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8 forgotten sequel series to hit shows of the 1960s

The Bradys, Beaver and Monkees all made a comeback.

Image: CBS Television Distribution

The lens of nostalgia seems to focus two decades in reverse. What was hot 20 years ago is hot again now. This phenomenon largely began with Sha Na Na, American Graffiti, Grease and Happy Days in the 1970s, all of which fondly recalled the leather-and-pomade era of 1950s rock and roll. Today, the '90s are hip, as Full House has come back as Fuller House and the grunge look hangs on mall racks.

Likewise, the 1980s saw some serious nostalgia for the 1960s, which ran much deeper than the Fat Boys recording with the Beach Boys. A significant number of '60s TV shows made a comeback in the Reagan Era. Favorite characters returned to the small screen — everyone from Munsters and Monkees to the beloved Bradys. 

Let's take a look at these sequel series. Have you seen any of them?

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1

The New Leave It to Beaver (1984–89)

The Cleaver comeback first began on the Disney Channel, with a reunion sitcom titled Still the Beaver. After jumping cable stations to TBS, the show switched names to The New Leave It to Beaver. So, what ever happened to the all-American family? The Beaver was now divorced and living with his two sons at mom's house. Wally, meanwhile, was the next-door neighbor. The sequel turned out to be quite successful, producing more than 100 episodes over four seasons. Of course, you can watch the original on MeTV.

Image: Disney

2

The New Gidget (1986–88)

The opening credits looked like a suntan lotion commercial and reintroduced us to Gidget, who was now a twenty something beach freak married to "Moondoggie." She was running a travel agency. To amp up the nostalgia, '60s pop idols like Jan and Dean and Wolfman Jack turned up, too — but no guest stars were as big as Bob Denver and Alan Hale, Jr., who dressed up in familiar Gilligan's Island garb.

Image: Sony Pictures Television

3

The New Monkees (1987)

Hey, hey, these were not the Monkees! Larry, Jared, Dino and Marty never reached the stardom of Peter, Micky, Davy and Michael. Part of that was perhaps due to the music, which took a deep dive into plastic synth-pop. The tie-in album tanked, too. Perhaps the most interesting thing about this attempted syndicated reboot was its parent distribution company, Coca-Cola Telecommunications. You would have thought they learned their lesson with New Coke.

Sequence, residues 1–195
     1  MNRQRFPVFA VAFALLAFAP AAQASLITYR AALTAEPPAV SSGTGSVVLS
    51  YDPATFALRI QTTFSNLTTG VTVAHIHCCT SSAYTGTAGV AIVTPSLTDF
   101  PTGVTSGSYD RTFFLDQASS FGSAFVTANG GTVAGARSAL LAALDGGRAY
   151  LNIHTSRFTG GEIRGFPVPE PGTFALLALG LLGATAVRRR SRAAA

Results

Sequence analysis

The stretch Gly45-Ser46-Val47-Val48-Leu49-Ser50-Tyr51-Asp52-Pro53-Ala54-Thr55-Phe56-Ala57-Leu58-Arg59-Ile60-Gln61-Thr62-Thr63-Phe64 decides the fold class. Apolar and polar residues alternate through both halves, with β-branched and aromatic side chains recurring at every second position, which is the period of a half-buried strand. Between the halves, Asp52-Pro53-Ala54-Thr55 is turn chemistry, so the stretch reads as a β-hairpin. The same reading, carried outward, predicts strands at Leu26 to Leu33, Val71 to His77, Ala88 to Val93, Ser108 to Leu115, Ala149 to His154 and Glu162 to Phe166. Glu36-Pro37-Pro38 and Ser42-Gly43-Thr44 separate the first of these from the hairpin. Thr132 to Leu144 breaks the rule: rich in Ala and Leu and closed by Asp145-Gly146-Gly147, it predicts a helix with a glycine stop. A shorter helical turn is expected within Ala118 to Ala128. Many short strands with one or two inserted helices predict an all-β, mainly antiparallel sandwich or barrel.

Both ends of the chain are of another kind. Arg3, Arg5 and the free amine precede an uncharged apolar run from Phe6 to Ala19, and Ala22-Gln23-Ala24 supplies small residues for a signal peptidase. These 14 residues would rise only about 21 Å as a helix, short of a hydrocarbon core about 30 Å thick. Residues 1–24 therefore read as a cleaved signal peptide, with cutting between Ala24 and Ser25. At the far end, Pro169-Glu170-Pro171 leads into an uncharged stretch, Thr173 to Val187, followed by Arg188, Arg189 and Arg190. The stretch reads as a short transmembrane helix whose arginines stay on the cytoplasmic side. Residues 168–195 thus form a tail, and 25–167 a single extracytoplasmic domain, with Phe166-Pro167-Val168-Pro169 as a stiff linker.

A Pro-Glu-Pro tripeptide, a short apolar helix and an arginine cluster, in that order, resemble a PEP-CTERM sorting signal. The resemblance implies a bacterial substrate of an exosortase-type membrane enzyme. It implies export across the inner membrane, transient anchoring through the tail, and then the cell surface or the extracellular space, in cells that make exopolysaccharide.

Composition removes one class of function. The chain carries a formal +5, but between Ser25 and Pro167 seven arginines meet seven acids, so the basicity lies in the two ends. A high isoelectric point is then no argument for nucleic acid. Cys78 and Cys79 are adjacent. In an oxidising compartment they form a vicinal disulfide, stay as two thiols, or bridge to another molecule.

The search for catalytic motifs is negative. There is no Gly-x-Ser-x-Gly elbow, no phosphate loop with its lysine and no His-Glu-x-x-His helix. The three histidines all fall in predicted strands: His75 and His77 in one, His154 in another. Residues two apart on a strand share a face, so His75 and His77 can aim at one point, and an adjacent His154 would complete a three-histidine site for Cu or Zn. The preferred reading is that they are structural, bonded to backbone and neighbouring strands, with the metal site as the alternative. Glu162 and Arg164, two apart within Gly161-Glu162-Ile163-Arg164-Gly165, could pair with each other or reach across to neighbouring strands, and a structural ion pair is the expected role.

Image: Sony Pictures Television

4

Mission: Impossible (1988–90)

Mission: Impossible has proven to be one of the sturdiest franchises, to the point where the Tom Cruise movies are better known than the source material. Even more overlooked is this 1988 revival, in which Jim Phelps (Peter Graves) returned from retirement to lead a new IMF team. Original series actors Greg Morris and Lynda Day George appeared, too. Instead of a tape self-destructing, a disc would explode. Hey, the digital era had arrived!

Image: CBS Television Distribution

5

The Munsters Today (1988–91)

Former Catwoman Lee Meriwether teamed with John Schuck to play Lily and Herman in this quietly successful comeback. The pale imitation aired for three years and 72 episodes. The theme song proclaimed, "We're the Munsters, we went to sleep 20 years ago," which is hardly a way to excite viewers.

Image: NBCUniversal Television Distribution

6

The New Lassie (1989–92)

The world famous collie had a new owner, Will McCullough, who, as far as we know, did not fall down a well. The most notable thing about this wholesome offering is that it gave Leonardo DiCaprio his first screen credit in a scripted role. He played "Glen" in two episodes.

Image: IMDb

7

The Bradys (1990)

The Bradys are perhaps the most beloved characters on this list, which might be why their comeback flopped harder than all the rest — some things should remain as they were. After missing out on The Brady Bunch Hour, "Real Jan" was back in the fold. However, there was now a "Fake Marcia," as Leah Ayres, star of Bloodsport, stepped in as the eldest daughter. Greg had company, as every character seemed to have a perm. Only six episodes were produced.

Image: CBS Television Distribution

8

Get Smart (1995)

Yes, that is Andy Dick on the left. Fox half-heartedly attempted to revive the franchise with Get Smart in 1995. Dick portrayed Zach Smart, son of Max and 99. The show ranked 133rd out of 142 series and was swiftly canceled after a handful of episodes.

Image: Sony Pictures Television

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